TEMPO.CO, Jakarta - The Malang Disaster Mitigation Agency reported that the 5.9-magnitude earthquake that jolted southeast of Blitar District, East Java, on Friday has so far damaged 287 houses in Malang District.
"The residents whose houses get cracked or damaged must stay calm but remain vigilant," the agency's acting head for emergency and logistics affairs, Sadono, said Sunday.
Sixty eight of the 287 affected houses suffer moderate damages while 15 others suffer heavy damages, he said.
The number of damaged houses remains subject to change because the Malang Disaster Mitigation Agency's (BPBD's) officials have yet to end their registration process.
The earthquake also caused several houses of worship and public facilities to get damaged, and a resident to sustain injuries, he added.
The agency recorded that the earthquake affected areas in 14 of 33 sub-districts in Malang, including the sub-districts of Ampelgading, Dampit, Donomulyo, Gondanglegi, Kalipare, Sumbermanjing Wetan, and Tirtoyudo.
Earthquakes regularly rock various parts of Indonesia since the country lies on the Circum-Pacific Belt, also known as the Ring of Fire, where several tectonic plates meet and cause frequent volcanic and seismic activities. Indonesia's deadliest earthquake hit Banda Aceh and several other parts of Aceh Province on December 26, 2004.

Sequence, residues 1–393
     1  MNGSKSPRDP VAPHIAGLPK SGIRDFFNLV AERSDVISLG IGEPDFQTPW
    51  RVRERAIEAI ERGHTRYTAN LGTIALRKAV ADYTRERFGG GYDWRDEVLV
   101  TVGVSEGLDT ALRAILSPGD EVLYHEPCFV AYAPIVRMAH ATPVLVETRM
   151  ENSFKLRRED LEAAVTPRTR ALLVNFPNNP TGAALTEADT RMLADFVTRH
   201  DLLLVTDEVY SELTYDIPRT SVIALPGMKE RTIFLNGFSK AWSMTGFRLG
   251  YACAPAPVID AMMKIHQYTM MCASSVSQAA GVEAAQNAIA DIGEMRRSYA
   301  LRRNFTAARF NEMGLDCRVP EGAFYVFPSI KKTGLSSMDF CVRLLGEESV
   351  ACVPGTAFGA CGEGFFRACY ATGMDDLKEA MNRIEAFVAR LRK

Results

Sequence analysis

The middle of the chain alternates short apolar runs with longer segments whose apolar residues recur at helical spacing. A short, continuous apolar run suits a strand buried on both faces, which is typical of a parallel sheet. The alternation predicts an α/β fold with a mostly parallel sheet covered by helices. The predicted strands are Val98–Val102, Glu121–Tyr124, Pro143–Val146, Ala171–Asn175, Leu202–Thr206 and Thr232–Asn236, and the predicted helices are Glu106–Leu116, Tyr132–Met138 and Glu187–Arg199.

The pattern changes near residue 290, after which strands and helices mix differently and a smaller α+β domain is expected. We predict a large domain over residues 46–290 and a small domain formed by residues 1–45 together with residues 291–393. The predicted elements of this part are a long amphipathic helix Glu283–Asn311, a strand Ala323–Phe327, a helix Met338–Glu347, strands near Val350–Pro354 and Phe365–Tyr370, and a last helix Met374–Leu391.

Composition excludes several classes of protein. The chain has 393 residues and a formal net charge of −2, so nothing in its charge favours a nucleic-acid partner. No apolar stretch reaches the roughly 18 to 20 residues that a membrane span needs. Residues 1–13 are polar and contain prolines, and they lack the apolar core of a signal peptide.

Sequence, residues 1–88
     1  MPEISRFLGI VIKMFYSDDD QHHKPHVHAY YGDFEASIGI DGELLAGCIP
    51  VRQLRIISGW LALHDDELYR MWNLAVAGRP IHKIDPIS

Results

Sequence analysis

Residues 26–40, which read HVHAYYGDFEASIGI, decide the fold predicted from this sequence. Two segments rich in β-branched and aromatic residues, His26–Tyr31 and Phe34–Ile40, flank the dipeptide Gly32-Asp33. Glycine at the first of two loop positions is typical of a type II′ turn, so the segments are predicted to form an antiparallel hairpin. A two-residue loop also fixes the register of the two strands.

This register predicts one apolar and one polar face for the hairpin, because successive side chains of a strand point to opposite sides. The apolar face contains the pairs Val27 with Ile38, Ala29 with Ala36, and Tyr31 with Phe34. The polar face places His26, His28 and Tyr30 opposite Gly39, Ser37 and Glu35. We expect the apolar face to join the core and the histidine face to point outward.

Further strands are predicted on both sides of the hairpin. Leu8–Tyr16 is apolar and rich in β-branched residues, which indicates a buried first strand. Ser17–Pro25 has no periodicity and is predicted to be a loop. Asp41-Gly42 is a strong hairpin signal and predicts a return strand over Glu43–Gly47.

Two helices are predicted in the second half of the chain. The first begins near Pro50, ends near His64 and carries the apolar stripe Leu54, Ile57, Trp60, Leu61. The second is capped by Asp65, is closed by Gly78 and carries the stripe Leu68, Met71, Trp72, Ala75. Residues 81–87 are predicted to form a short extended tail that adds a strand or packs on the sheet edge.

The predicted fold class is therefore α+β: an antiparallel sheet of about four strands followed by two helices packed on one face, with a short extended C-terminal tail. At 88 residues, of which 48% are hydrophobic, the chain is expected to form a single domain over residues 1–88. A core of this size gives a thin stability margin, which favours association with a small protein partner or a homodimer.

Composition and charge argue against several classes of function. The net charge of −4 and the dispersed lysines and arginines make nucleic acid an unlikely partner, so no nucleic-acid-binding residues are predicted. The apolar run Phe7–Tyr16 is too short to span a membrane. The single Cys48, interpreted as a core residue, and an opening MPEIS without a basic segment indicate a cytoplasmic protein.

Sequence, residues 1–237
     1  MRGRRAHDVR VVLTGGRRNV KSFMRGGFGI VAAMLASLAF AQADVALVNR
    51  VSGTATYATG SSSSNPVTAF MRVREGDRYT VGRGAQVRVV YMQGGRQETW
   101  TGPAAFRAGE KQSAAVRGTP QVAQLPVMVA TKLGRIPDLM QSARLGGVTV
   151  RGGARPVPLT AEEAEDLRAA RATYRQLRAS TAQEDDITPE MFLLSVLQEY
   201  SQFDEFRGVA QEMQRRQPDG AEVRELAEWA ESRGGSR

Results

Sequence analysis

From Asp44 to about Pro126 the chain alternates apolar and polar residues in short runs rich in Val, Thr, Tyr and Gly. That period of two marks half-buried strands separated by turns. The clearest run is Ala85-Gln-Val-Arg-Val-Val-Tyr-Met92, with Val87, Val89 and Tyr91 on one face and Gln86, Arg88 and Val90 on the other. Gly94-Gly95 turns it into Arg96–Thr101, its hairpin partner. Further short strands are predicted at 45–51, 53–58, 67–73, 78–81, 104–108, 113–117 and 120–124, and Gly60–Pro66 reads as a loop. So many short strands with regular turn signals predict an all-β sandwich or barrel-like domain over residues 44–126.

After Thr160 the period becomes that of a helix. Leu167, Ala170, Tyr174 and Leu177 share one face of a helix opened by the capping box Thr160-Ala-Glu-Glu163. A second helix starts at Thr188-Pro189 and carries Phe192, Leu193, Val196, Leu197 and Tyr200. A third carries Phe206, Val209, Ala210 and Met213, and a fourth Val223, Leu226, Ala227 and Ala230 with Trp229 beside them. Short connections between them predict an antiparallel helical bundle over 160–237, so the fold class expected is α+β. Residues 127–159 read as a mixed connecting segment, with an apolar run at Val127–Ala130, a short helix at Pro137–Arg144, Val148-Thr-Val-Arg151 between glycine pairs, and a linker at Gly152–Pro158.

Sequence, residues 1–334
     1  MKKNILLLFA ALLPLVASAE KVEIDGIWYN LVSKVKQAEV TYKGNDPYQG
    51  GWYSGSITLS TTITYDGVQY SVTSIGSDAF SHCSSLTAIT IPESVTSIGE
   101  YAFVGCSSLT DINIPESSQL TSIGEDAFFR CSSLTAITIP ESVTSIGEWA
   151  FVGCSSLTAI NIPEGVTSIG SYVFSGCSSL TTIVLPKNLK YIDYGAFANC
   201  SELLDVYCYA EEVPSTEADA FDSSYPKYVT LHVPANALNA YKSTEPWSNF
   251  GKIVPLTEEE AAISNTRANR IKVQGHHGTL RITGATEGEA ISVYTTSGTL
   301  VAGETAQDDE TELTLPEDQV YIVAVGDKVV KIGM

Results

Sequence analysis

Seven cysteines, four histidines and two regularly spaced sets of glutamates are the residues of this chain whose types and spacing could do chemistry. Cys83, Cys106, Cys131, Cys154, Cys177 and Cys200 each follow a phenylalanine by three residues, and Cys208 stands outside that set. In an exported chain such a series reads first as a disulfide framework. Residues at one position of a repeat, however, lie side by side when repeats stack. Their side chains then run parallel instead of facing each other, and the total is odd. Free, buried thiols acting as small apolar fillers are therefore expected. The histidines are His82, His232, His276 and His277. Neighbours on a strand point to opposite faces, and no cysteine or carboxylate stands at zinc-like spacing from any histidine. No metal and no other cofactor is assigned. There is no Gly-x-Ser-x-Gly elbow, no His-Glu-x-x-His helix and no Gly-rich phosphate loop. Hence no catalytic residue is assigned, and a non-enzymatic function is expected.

The undersea megathrust earthquake that triggered a deadly giant tsunami destroyed several parts of the city in the northernmost tip of Sumatra Island, and reportedly killed some 170,000 residents.
The latest deadly earthquake to have jolted Indonesia was in West Sulawesi Province on January 15, 2021.
The 6.2-magnitude earthquake, ensued by several aftershocks, jolted the districts of Mamuju and Majene, claiming more than 100 lives and destroyed several buildings.
Sulawesi Island has repeatedly borne witness to deadly earthquakes. On September 28, 2018, for instance, a 7.4-magnitude earthquake hit several parts of Central Sulawesi Province.
The strong earthquake that was followed by a tsunami and soil liquefaction in Palu, the capital of Central Sulawesi Province, claimed 2,102 lives, injured 4,612, and rendered 680 others missing. A total of 68,451 homes incurred serious damage, while 78,994 people were displaced. The authorities and humanitarian workers decided to bury the large number of rotting corpses in mass graves.